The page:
But Is It Vegan? Key Ingredients to Look Out For
What does it mean to be vegan in skincare? While there aren’t actual animal parts bottled into your beauty products, it’s common for cosmetics companies to use animal byproducts, like beeswax and collagen, in their formulas. And while the practices used to derive animal byproducts aren’t always necessarily harmful to animals, choosing to vegan products means you’re being mindful of the creatures we share our planet with, and the impact that sourcing animal byproducts can have on our environment.
It can be a little surprising to realize just how many ingredients are derived from animals, so here’s a quick primer on non-vegan ingredients commonly used in skincare and makeup:
Probably the most obvious of all animal byproducts (after all, “bee” is in the name), beeswax is used as a thickener and typically found in creams, balms, lipsticks, and foundations. Look for products with soy, candelilla, or carnauba wax as a base for balms and lipsticks instead.
Collagen is a protein found in human hair, skin, bones, and nails, and is the single most abundant protein across the entire animal kingdom. Collagen and collagen peptides are typically found in anti-aging and firming creams, as they are meant to promote collagen regeneration for the skin. But when you see collagen listed in one of your moisturizers or serums, it’s typically derived from the hides and connective tissue from cows or fish. We use a plant-based collagen alternative (from the seeds of the St. John’s Bread tree) in our Hydrating Plumping Mask that acts like the real deal to smooth texture, increase elasticity (a very important part of maintaining that youthful bounce in skin), and help prevent moisture loss.
Lanolin is a greasy substance that is extracted from the wool of sheep (specifically from their oil glands) and is typically used as an emollient in moisturizing products and lip care. Though taking lanolin from sheep’s wool isn’t harmful to sheep, other practices within the wool industry are. Instead, look for products with vitamin E and natural, botanical oils to get the same moisturizing effects as lanolin. Our Silk Slip Conditioning Lip Oil is completely lanolin-, petroleum-, and mineral oil-free. Only good oils (like nourishing jojoba and camellia) on your lips.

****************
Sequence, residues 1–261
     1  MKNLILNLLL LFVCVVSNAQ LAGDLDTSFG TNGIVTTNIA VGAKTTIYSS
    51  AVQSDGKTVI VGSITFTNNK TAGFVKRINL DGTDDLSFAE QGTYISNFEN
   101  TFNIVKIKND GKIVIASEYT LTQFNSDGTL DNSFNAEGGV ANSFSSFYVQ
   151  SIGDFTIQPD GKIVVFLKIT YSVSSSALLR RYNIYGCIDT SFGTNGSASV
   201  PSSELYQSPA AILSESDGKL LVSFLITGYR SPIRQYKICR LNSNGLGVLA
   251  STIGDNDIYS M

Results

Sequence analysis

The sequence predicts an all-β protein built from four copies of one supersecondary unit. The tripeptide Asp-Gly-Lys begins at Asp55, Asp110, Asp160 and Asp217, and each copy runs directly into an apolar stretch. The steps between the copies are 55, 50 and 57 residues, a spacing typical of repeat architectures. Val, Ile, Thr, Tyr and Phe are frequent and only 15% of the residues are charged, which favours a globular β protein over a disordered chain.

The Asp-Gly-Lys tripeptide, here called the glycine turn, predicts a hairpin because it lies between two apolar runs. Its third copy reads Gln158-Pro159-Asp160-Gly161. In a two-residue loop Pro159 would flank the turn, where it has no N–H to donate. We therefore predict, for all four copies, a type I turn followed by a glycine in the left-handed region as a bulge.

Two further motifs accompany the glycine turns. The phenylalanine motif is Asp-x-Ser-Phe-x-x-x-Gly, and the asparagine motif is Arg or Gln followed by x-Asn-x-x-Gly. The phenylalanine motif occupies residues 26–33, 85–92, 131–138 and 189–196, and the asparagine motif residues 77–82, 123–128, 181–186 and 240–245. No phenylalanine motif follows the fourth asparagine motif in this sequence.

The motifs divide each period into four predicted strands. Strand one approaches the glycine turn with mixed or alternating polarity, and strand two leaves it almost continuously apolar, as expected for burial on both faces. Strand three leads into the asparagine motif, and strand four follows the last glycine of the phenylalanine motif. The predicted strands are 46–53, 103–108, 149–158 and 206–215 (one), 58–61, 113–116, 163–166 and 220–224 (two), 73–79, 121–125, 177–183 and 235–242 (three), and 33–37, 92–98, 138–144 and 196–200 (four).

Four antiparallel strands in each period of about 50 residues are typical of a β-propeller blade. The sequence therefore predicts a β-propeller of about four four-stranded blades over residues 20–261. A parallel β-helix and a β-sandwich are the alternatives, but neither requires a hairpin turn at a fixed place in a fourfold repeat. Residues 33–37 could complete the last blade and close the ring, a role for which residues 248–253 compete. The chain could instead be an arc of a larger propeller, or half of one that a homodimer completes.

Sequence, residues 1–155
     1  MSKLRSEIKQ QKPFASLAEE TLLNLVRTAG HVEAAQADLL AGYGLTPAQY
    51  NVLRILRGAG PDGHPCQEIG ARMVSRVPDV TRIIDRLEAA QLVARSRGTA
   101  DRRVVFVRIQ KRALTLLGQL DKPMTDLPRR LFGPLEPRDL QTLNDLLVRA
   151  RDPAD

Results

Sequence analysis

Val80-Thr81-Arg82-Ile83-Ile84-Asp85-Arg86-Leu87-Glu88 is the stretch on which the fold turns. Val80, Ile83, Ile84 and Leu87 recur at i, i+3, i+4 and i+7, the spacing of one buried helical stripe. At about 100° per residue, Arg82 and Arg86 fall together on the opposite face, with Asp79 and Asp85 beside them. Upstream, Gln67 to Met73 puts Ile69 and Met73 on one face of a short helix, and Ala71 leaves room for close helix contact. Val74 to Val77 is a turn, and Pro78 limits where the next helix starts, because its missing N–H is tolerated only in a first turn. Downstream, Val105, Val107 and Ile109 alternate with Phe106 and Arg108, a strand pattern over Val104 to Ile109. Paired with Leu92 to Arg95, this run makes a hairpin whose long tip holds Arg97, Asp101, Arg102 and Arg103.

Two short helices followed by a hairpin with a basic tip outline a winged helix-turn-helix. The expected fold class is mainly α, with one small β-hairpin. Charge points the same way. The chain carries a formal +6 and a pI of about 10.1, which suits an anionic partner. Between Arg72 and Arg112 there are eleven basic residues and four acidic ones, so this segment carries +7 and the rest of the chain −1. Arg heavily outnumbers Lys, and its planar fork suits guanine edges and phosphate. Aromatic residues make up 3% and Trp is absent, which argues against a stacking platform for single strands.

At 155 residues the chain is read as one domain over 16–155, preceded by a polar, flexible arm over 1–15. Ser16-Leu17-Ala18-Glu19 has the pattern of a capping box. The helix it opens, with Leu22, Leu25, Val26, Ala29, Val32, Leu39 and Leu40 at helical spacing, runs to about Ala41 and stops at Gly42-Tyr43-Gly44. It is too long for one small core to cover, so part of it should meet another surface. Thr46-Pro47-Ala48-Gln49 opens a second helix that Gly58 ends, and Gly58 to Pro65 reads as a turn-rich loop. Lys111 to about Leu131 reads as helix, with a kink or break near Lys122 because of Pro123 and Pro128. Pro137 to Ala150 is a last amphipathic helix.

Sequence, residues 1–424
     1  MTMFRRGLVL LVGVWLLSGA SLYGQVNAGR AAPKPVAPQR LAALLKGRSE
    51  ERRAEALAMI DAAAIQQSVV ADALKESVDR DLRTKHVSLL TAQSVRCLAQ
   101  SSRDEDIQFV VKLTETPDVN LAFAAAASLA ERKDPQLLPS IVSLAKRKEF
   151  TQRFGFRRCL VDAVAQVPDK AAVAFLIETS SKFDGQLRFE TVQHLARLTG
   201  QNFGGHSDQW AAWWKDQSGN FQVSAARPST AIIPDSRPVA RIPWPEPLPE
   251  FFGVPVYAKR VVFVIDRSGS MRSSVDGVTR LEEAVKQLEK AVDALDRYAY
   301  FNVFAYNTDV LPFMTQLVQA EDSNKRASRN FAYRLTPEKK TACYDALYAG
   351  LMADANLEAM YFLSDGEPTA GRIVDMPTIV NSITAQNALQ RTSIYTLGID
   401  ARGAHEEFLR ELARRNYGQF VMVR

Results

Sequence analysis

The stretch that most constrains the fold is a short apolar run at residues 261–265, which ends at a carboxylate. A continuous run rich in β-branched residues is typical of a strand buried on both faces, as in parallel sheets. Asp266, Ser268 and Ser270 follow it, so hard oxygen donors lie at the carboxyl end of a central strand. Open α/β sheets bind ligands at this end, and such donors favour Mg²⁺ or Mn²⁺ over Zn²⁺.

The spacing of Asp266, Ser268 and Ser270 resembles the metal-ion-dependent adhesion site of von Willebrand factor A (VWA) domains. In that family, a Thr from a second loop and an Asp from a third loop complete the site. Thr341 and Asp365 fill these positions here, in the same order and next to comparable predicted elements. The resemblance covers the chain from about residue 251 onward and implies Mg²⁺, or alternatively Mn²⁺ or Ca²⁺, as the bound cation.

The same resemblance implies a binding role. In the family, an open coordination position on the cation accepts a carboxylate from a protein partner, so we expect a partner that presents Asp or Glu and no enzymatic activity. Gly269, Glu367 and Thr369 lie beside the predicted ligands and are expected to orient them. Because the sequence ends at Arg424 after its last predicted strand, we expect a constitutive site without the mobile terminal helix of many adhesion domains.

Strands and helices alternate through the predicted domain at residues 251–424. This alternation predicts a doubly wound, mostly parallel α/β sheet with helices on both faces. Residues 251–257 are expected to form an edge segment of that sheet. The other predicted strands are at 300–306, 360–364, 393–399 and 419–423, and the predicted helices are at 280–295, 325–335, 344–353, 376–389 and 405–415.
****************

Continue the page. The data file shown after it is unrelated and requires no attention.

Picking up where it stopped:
Gelatin is a fatty protein in animals, a byproduct taken from the skin, tissue, and bones of animals like cows and pigs. It’s used as a thickener in face creams, body lotions, shampoos, masks, and sunscreens. Agar and Carrageenan are both derived from seaweed and have the same thickening properties as gelatin, making them a great vegan alternative.
Squalene is a super hydrator that also helps reduce wrinkles and fight free radicals. It occurs naturally in our skin as part of our natural moisture barrier, but it decreases as we age. Sharks also happen to carry squalene in the oils found in their livers, and unfortunately skincare products containing squalene are often sourced from them. Squalane, however, acts the same way and as effectively as the squalene in our bodies, is said to be more stable, and best of all comes from plants. Find plant-derived squalane in Skin Soak Rich Moisture Cream, a deeply moisturizing yet non-greasy cream.
The good news first, hyaluronic acid can be synthetically and safely formulated in a lab. Hyaluronic Acid occurs naturally in our skin and connective tissue, and is known for its ability to hold hydration in the skin (it holds 1,000 times it weight in water). Unfortunately, HA can also be derived from the umbilical cords and fluids in the joints of cows and horses. And yes, the HA in our Hydration Station Booster is safely formulated in a lab and is 100% vegan, as is the HA we used in all of our products.
Guanine is a crystalline compound taken from fish scales and is used in many skincare and makeup products because its pearly essence gives off a subtle shimmer. We love a good light-reflecting, imperfection-diffusing action as much as the next person, but we get that from ethically sourced mica. Find it in our Zero-G Smoothing Eye Cream, which creates a sheer, subtle luminosity.
As an extra reminder, vegan and cruelty-free aren’t the same thing. A product can be free of animal byproducts but still be tested on animals. To ensure your products are not tested on animals, look for labels that say “Cruelty-Free” or products featuring the Leaping Bunny logo (an internationally-recognized certification that confirms a product is not tested on animals).